“If he didn’t hear from her at night, he’d go frantic.” This is Carmen Bachan, speaking through tears about her husband James and her daughter Adrianna.
“That night he told her to be careful, and she was. She was crossing on a green light until that animal took her life and injured that beautiful young man.”
That young man is Marcus Garfinkle, who was thrown onto the windshield of the car of the hit-and-run driver who killed Adrianna Bachan. He was carried 300 to 400 feet until the car stopped, and a passenger got out, dislodged him from the windshield, dumped him on the street with two broken legs and then sped away.
I know very well the intersection where it happened, Jefferson and Hoover. It’s right by my parking spot at USC, where Adrianna Bachan, 18, and Marcus Garfinkle, 19, were freshmen.
Now 30-year-old Claudia Cabrera has been booked on suspicion of being “that animal.” “I hope she rots in hell,” Carmen Bachan told the Los Angeles Times.
Police say that Josue Luna, 31, Cabrera’s husband, was the passenger who got out and pushed Marcus Garfinkle off the hood of the green 2000 Infiniti, after Luna’s wife ran a red light and killed Adrianna Bachan. Also in the car: the couple’s 7-month-old baby.
Said Carmen Bachan about the arrest of the suspect, “Nothing can bring Adrianna back, but I do want justice.”
It is as easy – and terrifying – for me to put myself in the place of the parents of Adrianna Bachan and Marcus Garfinkle as it is impossible – and terrifying – to put myself in the place of the parents of that 7-month-old baby.
I, too, would want justice. And I would also want those animals to rot in hell. I would feel righteous for channeling my vengeance into the rule of law, but I would also feel justified for hating, not forgiving, the perpetrators of my grief.
This is not what some religions teach. “You have heard that it was said, ‘You shall love your neighbor and hate your enemy,’” Jesus says in Matthew.
“But I say to you, Love your enemies and pray for those who persecute you.” On the cross, Jesus absolves his crucifiers: “Father, forgive them, for they know not what they do.” Pope John Paul went to the prison cell of Mehmet Ali Agca, who had attempted to assassinate him, in order to forgive him. Gandhi embraced those who would destroy him: “Hate the sin, love the sinner.”
But the Jewish tradition I grew up in is considerably more ambivalent. There is “a time to love,” says Ecclesiastes, and there is also “a time to hate.” God may chide the angels for celebrating when Pharoah’s army is swallowed by the sea – “My creatures are drowning, and you wish to sing a song?” – but David, in Psalm 139, hates God’s enemies with “a perfect hatred.”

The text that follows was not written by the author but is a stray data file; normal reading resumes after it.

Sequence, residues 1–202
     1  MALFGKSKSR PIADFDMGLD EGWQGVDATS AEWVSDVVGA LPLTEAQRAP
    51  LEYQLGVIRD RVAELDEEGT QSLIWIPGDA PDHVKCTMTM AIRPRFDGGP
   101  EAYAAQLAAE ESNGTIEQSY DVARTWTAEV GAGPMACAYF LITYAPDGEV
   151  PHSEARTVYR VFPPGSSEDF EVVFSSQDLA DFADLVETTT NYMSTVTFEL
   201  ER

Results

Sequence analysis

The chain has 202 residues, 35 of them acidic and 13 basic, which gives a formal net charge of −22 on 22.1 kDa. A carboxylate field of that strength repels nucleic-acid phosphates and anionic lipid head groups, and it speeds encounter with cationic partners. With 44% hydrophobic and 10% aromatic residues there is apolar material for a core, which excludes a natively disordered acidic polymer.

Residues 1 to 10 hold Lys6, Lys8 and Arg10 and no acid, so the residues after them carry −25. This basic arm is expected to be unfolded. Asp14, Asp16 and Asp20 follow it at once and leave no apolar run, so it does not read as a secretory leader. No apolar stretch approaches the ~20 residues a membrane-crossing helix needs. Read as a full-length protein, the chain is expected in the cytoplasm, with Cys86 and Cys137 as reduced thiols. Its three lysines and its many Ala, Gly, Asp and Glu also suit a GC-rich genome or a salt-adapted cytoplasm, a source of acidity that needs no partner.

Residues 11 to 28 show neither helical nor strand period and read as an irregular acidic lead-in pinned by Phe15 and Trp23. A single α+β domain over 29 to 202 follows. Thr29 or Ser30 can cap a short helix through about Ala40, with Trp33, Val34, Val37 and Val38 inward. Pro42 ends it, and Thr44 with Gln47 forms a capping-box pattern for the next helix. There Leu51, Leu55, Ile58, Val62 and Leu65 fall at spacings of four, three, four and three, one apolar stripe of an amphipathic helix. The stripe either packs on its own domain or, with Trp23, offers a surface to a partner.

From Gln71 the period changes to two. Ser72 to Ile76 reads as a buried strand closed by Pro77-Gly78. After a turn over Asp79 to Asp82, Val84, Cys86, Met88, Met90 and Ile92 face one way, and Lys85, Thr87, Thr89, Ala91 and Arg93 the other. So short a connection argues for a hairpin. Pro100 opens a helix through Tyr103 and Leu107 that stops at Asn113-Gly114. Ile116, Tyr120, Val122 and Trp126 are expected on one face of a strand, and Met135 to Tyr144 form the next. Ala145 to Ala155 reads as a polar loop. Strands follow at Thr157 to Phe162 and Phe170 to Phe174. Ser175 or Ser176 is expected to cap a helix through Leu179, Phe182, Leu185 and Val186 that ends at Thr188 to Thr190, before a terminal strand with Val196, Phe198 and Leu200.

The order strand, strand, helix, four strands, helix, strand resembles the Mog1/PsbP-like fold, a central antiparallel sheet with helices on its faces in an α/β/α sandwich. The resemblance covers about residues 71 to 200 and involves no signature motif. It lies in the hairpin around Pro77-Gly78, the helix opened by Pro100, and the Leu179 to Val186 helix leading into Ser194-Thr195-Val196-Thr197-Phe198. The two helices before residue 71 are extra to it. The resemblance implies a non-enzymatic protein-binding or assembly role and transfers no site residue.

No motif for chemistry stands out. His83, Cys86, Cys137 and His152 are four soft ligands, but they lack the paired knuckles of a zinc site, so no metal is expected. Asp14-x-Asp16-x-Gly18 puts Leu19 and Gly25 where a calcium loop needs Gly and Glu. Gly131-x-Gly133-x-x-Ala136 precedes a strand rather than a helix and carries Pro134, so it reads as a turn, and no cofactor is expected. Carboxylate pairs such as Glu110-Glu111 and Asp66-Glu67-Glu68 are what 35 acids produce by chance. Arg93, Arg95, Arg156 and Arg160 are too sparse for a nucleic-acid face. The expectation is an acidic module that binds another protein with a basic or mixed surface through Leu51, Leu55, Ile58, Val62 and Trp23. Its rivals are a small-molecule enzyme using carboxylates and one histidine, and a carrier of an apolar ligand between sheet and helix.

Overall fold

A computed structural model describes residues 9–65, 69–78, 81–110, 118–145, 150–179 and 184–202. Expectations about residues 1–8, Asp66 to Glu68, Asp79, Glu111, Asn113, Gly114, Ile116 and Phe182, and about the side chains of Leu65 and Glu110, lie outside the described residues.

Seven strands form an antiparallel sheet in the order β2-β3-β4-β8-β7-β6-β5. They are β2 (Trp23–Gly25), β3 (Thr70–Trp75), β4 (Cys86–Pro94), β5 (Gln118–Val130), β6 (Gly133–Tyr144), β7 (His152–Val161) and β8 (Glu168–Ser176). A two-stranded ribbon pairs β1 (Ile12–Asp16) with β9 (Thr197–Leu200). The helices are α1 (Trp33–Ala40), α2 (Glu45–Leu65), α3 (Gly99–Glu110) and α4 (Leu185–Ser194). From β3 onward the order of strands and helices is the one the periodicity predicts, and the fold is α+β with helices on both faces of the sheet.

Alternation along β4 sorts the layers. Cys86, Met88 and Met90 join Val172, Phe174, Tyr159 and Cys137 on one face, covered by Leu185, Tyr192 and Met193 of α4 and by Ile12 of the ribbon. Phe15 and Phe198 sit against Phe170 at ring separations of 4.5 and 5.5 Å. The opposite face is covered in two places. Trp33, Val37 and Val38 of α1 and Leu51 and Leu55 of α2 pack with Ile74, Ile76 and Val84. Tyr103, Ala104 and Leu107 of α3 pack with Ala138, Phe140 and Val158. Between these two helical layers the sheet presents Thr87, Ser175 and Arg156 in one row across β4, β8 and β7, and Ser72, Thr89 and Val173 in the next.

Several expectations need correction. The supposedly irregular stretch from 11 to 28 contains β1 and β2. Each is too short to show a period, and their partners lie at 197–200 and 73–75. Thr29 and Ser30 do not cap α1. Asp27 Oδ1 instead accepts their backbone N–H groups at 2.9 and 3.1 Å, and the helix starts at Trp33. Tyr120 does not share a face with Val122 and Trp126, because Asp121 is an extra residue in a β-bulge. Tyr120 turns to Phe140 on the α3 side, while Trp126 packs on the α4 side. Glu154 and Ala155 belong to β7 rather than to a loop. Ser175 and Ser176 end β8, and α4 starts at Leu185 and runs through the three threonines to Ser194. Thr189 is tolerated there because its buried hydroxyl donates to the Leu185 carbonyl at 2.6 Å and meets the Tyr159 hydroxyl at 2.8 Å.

As Rabbi Meir Y. Soloveichik, then a Yale Divinity School student, pointed out in his 2003 essay, The Virtue of Hate, the Hebrew Bible brims with examples of perfect, righteous hatred.
Samson’s revenge on the Philistines is to kill more of them at his death than he killed during his life. When Agag, the captured king of the slaughtered Amalekites, is brought to the prophet Samuel, he asks for mercy: “Surely the bitterness of death is past.”
But Samuel “hewed Agag in pieces before the Lord in Gilgal.” After Haman’s 10 sons are killed in battle, Queen Esther asks King Ahasuerus to hang their dead bodies from the gallows. The prophetess Deborah, writes Soloveichik, “appears to relish the gruesome death of her enemy, the Philistine Sisera, who had, fittingly, been executed by another woman. Every bloody detail is recounted in Deborah’s ebullient song.”
It will be up to our secular legal system, not our religious traditions, to decide what justice means to the driver who killed Adrianna Bachan and the man who pushed Marcus Garfinkle onto Jefferson Boulevard. The law draws distinctions between homicide, manslaughter and murder. Mens rea – intent – matters. This may be helpful for distinguishing different kinds of punishment, but it is useless for distinguishing different kinds of hatred, and it is worthless for understanding either the help or the harm that hating does.
Psychologists say that carrying hostility around can kill us. Wanting someone to rot in hell, we are told, does more damage to ourselves than to the objects of our anger. Healing comes from letting go of the hatred.
Really? Rabbi Soloveichik begins his essay by citing Simon Wiesenthal’s account in “The Sunflower” of the day that he, a concentration camp prisoner, is brought to a dying Nazi’s bedside. The German wanted some Jew, any Jew, to hear his confession of torture and murder, and to grant him forgiveness. Wiesenthal can’t do it, and walks out of the room. Did he do the right thing?
When Wiesenthal asked that question of theologians, the answer he heard from Christians was no, but not from Jews. The most vivid response, Soloveichik says, came from the Jewish writer Cynthia Ozick. “Reflecting on how Wiesenthal, in a moment of mercy, brushed a fly away from the Nazi’s broken body,” Ozick wrote this: “Let the SS man die unshriven. Let him go to hell. Sooner the fly to God than he.”
I pray that Adrianna Bachan’s parents will find peace, and that Marcus Garfinkle will fully recover, and that the friends and families of those beautiful freshmen will find comfort in their love for them. But I am unable to understand, and unprepared to believe, that their path to healing must pass through the country of forgiveness.
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